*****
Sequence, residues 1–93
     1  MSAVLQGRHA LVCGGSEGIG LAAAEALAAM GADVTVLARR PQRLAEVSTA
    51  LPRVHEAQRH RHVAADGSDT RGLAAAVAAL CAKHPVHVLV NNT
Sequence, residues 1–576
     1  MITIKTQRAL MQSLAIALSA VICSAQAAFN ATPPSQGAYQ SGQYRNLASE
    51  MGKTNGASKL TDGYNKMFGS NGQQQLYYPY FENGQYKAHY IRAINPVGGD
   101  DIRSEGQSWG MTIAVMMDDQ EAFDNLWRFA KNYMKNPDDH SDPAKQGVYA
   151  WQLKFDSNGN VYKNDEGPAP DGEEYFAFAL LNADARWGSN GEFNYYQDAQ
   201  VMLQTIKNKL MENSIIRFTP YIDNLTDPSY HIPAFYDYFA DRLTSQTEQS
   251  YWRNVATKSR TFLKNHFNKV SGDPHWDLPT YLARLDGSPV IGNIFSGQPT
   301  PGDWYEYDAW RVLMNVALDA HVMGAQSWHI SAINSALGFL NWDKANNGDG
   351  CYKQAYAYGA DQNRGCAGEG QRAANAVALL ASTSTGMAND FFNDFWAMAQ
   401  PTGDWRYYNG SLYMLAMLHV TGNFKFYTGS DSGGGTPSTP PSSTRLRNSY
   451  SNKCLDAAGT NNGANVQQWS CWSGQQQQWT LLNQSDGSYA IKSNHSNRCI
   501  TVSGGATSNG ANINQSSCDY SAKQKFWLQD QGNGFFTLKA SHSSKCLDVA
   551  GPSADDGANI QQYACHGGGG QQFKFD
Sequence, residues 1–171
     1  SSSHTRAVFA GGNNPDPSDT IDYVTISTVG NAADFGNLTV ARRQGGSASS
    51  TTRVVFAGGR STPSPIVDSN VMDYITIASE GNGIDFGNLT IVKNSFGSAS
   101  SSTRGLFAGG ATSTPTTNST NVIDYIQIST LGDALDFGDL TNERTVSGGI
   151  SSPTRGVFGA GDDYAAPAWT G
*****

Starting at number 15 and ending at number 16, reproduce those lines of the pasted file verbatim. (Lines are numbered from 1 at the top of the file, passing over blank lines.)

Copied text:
   501  TVSGGATSNG ANINQSSCDY SAKQKFWLQD QGNGFFTLKA SHSSKCLDVA
   551  GPSADDGANI QQYACHGGGG QQFKFD